But even before the new administration made the idea more real with threats to the New Starts and TIGER capital transit funding programs, there's been a push to discuss the idea even more.
On this blog, the idea was passed over briefly when talking about Caltrain funding getting pulled out right at the last second after over a half decade of planning for electrification, and I even think that devolution of some kinds might be a good idea. But it shouldn't be punishment for political opposition.
But this weekend in Forbes another economics professor, this time libertarian leaning Jeffrey Dorfman at the University of Georgia, has come out in favor of what he calls de-federalization. What we all know as devolution.
While many city, state, and federal politicians are decrying the very idea of such transit funding cuts based on the harm that will befall their transit systems without access to such federal funding, what is missing from their argument is any explanation of why the federal government should have been giving them money in the first place.He then goes on with the tired arguments of "transit doesn't pay for itself" and an interesting new wrinkle for me that sounds a bit too "let them eat transportation cake" for my taste "let's give poor people a tax credit".
Of course roads don't pay for themselves either but driving is such a virtuous activity it shouldn't be hindered in any way right? Texas even calculated how much tax people would have to pay to break even. But those analysis were taken down perhaps because they were too true. Good thing we captured them.
Applying this methodology, revealed that no road pays for itself in gas taxes and fees. For example, in Houston, the 15 miles of SH 99 from I-10 to US 290 will cost $1 billion to build and maintain over its lifetime, while only generating $162 million in gas taxes.That's a 16% farebox recovery just for the tracks. The Center for American Progress also did an analysis looking at major roads and whether they paid for themselves. The maps are great if you get a chance to look.
But then Professor Dorfman gets to some points I kind of agree with, but for different reasons.
For the most part, transit systems are local matters. Using federal taxes to collect money from the whole country and then send it back to each local transit system is a terribly inefficient way to raise money for transit and is also inherently unfair as different locales receive back either more or less than they paid in.I would make the same arguments for red states taking blue state hand outs for freeways to fuel sprawl. But here comes the cognitive dissonance...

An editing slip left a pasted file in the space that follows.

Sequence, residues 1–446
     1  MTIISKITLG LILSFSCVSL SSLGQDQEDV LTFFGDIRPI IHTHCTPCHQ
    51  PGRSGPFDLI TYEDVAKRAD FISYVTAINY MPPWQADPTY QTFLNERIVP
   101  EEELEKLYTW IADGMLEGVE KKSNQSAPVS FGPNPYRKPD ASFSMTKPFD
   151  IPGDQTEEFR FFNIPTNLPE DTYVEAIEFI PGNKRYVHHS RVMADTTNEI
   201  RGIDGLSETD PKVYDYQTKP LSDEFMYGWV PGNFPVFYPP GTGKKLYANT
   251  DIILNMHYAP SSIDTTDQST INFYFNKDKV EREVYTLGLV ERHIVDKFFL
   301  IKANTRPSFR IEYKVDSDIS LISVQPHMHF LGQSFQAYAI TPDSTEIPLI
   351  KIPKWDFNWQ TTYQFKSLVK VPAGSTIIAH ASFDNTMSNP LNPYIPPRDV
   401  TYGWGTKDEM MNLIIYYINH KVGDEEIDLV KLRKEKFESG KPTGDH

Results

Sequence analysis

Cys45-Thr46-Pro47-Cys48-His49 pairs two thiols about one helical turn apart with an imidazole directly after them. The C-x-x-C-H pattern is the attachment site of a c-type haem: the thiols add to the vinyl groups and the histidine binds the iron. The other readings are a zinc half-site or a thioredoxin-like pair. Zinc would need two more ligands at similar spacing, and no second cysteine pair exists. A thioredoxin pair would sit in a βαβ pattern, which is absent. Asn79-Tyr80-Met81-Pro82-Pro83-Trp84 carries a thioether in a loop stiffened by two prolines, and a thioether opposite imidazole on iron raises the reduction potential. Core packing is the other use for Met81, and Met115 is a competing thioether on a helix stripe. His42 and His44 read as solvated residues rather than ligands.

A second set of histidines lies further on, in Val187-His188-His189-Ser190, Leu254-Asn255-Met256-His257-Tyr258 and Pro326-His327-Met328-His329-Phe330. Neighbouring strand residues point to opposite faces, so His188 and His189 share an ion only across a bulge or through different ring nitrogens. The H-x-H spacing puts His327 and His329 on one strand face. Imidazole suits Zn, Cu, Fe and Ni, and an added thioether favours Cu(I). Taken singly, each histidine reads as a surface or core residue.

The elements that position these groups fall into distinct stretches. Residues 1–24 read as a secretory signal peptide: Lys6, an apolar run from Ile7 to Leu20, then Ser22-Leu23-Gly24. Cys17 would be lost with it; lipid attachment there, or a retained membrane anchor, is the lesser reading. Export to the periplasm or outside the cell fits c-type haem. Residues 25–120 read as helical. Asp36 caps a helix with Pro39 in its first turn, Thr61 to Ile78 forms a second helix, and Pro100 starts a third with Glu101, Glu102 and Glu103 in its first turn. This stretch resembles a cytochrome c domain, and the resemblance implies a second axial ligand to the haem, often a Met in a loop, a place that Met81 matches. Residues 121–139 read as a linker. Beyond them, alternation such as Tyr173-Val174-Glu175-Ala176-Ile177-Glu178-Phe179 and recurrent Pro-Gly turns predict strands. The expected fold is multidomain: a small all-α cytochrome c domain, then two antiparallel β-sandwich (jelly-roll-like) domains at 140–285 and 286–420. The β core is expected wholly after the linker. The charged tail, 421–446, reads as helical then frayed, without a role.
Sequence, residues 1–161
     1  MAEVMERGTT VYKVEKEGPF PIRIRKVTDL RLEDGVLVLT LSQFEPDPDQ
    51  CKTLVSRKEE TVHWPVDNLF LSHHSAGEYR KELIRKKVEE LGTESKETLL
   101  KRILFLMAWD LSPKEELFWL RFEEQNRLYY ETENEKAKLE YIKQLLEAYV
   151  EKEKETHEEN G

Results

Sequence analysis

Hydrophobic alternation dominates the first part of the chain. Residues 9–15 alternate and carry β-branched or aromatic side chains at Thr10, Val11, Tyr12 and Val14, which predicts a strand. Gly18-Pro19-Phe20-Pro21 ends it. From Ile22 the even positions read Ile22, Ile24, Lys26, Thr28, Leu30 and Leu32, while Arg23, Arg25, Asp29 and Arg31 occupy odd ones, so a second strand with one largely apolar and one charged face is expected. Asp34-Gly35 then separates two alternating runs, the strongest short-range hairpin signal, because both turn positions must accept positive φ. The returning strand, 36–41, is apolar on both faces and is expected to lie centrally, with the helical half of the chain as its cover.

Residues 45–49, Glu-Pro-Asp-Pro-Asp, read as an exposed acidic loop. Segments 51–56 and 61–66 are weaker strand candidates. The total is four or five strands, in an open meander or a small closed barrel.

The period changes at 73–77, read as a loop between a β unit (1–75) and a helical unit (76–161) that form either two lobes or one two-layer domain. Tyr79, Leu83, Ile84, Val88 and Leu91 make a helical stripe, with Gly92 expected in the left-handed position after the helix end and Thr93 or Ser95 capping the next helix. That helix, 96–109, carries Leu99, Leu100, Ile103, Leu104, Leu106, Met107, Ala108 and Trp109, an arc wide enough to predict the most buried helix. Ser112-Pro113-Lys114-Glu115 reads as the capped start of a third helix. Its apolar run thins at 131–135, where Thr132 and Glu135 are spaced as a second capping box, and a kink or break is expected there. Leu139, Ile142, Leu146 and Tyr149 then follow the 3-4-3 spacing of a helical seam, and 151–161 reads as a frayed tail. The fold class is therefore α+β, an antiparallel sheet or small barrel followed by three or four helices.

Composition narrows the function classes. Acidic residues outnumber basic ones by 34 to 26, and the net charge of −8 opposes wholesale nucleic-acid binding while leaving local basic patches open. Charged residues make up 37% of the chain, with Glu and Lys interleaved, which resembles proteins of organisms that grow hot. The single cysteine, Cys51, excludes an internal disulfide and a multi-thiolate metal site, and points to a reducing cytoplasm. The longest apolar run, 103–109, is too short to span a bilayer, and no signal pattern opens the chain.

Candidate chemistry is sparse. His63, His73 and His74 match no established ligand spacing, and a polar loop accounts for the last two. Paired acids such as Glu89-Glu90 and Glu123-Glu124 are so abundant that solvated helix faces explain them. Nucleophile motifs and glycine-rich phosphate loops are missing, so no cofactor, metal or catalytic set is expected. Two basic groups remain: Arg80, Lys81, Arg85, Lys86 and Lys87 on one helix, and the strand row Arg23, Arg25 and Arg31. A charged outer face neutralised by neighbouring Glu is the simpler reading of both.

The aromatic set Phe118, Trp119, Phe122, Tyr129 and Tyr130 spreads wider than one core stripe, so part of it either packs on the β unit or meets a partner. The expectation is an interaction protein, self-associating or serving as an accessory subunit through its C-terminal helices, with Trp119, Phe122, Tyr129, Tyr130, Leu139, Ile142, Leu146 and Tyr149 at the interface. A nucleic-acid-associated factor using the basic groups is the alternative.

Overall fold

This common practice of using federal funds for local projects in order to hide the true cost should be stopped. The federal government should pay for the things that are truly national in scope (like the interstate highway system).Stop.
The only thing that is truly national in scope are the parts of the highway system that are outside of major cities where trucks conduct interstate commerce. The majority of traffic in cities are not trucks just passing through. It's traffic for regional trips. Houston's I-10 is now 26 lanes west of the 610 loop, those were created for the Louisiana to New Mexico traffic right?
But aren't most transit trips commute trips as well? And isn't interstate commerce done by train on tracks freight rail companies own and pay property taxes on? Should trucking companies be paying for the roads the operate on or do we see them as a public good?
We can flip this back and forth and argue what is "national in scope" all day I'm sure. The point is that it's often based on ideology and what is virtuous in the eye of the person doing the analysis. In a true libertarian world they'd have a user fee on everything. But I'm not sure how that works on local streets or things we want to incentivize like say, using more compact transportation modes for traveling into a dense city center because that's where economic activity happens due to agglomeration effects.
But this gets to another point about local decision making as well. Urban areas are set up to be ruled by the forests. MPOs are often stacked with suburban representatives and regional transit is hard to create with so many fiefdoms. In a discussion about the recent highway collapse in Atlanta, New York Magazine goes through all the reasons why having 29 counties in a single metropolitan area makes it impossible to build useful transit. Our extremely racist urban pasts.
Metro Atlanta is scattered across 29 counties, which has made it easy to confine public transit narrowly to the heavily African-American Fulton and Dekalb counties.Atlanta's history on this is well documented. But what about other states who have libertarians who hate transit to begin with. Like say...Texas.
Burton’s bill, which has passed through committee and is awaiting attention from the full Senate, would require that every city through which a commuter line passes hold an election before federal funds are accepted for the projects.There's a lot to unpack in a bill like this. Such as why does a city have veto power over a regional project. Why are rail projects singled out? I've asked this before, but why does a city need to vote for every single transit project but not a single highway project. They are both regional projects. They are both subsidized. Some might argue we should have that power, I'm not so sure.
But it leaves a place for the federal involvement in large infrastructure projects. So let's not kid ourselves that there's something economic about devolution of transit and not roads to the local level. And what does local mean anyway? Because if we go to the state level we all know where the money will be re-purposed.
If we were going to be real about a devolution conversation, we wouldn't just start with the dirty hippy transit. It's just sad that we know it's all for political show to "punish dirty cities"